“If you have sick pigs, they don’t eat.”
– Dr. Mike Sheridan
Pig producers would have fewer disease problems in their herds if they spent more time walking the pens and injecting visibly sick animals.
So says Dr. Mike Sheridan, one of Manitoba’s leading swine veterinarians.
Going into barns and actually treating sick animals is one of the most overlooked applications in herd health, Sher idan told the recent Manitoba Swine Seminar in Winnipeg.
It sounds so simple. But many producers prefer mass medicat ion – providing medicated feed – instead of going in, needling pigs and recording the treatment, Sheridan said.
Unfortunately, giving medicated feed to sick animals doesn’t always work.
“If you have sick pigs, they don’t eat. They’re not going to get the medication and they will not begin to recover,” Sheridan said following his presentation.
“They’ll drink longer than they’ll eat. But if they’re struggling to get to the water because they don’t feel very good, they won’t get water medication at the correct level. We recommend needling so they get the proper dose in a timely fashion and get the treatment completed.”
Timely treatment is also important from the standpoint of animal welfare. It ensures the animal is properly cared for, he said.
Sheridan said most producers are pretty savvy about spotting diseases and knowing which medication to give.
“If they treat and things don’t respond as they expect them to, then certainly we’re always there to come in and assist with getting a further diagnosis.”
Broken needles in pigs are a hog producer’s bugbear. Some prefer not to inject for fear of breaking the needle and having the carcass eventually condemned or downgraded.
But Sheridan said workers can be trained to do proper injections with the help of slapshots or plastic extensions.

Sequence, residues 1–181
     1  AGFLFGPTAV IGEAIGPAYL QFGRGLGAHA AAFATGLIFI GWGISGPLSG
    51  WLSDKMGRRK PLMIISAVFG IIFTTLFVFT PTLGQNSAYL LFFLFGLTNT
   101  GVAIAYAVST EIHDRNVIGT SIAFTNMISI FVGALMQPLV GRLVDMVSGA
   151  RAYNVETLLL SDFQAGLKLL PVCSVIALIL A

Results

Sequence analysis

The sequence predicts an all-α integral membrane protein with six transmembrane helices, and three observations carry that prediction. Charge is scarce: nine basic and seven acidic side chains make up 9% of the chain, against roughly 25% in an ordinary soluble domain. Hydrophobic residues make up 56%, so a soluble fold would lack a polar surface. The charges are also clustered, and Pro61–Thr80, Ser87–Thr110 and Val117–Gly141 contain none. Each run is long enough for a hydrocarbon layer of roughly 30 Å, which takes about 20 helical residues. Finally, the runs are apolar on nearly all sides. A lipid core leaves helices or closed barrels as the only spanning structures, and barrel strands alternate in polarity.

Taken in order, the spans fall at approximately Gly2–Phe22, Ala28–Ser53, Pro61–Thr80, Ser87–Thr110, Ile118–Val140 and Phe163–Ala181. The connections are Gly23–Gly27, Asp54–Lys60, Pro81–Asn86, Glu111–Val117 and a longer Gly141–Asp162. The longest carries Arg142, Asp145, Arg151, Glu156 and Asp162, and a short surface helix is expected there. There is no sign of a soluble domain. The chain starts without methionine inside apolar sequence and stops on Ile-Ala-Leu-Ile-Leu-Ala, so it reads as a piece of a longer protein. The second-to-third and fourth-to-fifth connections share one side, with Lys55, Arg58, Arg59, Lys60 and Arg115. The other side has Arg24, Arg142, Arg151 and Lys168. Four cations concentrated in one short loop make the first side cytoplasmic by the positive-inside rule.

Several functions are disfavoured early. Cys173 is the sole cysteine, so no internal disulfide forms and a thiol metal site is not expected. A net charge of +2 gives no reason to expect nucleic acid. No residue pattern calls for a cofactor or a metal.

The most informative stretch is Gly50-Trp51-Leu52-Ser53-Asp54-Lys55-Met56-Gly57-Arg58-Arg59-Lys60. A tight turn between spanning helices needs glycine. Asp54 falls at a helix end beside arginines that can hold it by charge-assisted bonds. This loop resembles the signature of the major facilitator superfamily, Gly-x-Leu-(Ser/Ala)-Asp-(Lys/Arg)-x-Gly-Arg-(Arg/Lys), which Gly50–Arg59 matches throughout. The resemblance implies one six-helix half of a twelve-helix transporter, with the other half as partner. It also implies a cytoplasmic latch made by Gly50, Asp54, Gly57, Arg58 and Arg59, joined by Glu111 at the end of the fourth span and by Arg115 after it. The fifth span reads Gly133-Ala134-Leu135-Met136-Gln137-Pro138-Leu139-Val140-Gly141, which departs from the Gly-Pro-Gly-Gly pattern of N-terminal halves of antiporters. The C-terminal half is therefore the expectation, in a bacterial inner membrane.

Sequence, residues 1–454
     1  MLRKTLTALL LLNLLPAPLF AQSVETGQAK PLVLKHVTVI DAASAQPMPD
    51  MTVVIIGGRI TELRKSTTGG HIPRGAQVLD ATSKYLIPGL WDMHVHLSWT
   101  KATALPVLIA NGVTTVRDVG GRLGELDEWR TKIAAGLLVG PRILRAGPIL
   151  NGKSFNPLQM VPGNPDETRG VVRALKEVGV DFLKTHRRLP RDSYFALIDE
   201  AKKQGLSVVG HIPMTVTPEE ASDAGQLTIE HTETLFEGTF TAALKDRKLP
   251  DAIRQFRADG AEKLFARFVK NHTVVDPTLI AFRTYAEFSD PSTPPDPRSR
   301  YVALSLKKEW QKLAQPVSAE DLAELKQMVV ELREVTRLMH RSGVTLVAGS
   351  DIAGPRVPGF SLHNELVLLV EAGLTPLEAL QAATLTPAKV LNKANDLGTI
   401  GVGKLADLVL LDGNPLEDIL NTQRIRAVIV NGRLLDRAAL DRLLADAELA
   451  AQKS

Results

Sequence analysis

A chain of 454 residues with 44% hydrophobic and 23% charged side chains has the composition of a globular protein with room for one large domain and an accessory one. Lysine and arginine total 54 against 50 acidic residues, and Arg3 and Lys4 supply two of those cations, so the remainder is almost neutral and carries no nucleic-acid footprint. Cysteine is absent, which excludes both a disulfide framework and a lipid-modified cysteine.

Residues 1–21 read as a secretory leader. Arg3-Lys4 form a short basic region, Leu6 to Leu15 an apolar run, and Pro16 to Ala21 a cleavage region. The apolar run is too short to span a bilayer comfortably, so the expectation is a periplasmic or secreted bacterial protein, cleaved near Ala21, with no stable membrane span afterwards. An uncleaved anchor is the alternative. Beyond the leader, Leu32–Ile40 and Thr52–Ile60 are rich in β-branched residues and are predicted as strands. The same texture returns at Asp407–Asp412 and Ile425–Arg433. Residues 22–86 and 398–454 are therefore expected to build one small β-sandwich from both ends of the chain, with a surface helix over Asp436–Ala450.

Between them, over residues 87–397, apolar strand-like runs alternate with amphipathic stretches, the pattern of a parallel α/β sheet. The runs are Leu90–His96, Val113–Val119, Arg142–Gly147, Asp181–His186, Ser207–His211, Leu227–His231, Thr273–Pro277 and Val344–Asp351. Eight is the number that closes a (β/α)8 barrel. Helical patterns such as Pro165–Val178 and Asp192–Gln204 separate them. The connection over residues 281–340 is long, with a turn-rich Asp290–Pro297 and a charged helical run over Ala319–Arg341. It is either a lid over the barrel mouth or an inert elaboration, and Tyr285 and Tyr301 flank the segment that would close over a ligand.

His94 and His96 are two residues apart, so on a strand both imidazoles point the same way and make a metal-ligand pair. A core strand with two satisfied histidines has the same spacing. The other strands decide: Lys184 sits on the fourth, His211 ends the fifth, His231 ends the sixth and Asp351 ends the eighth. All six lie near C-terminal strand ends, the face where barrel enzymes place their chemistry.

If broken needles do occur, animals carrying them should be immediately identified and recorded, he said.
CQA, the on-farm food safety program for Canadian hog producers, has material on giving proper injections to pigs with instruction on needle sizes, dosages, techniques, etc.
Sher idan acknowledged there comes a time when it’s not economical to treat a pig, especially when producers are losing $20 to $30 on a market animal.
“When economics are poor, we try and euthanize as quickly as we can. (When economics are better), unless there’s something really life-threatening, like broken legs or some severe injuries they’re absolutely not going to recover from, we’ll go ahead and treat them. But we try to put a timeline on different diseases so that, at the end of a specific time, if an animal hasn’t responded properly, it gets euthanized.”
In his presentation on the proper use of antibiotics, Sheridan stressed giving drugs according to label directions. Provisions in Canada allow for off-label use but only with a prescription from a veterinarian familiar with the herd.
Off-label use constitutes differences in: usage, drugs not registered for use in pigs, route of administration, purpose of treatment, age group or stage of production.
Al tering the dose also means adjusting the withdrawal time to avoid drug residues in the carcass, said Sheridan.
He emphasized antibiotics are organic products. They can be damaged through improper handling, such as exposure to excessive heat, cold or light and by refrigerating drugs meant to remain at room temperature.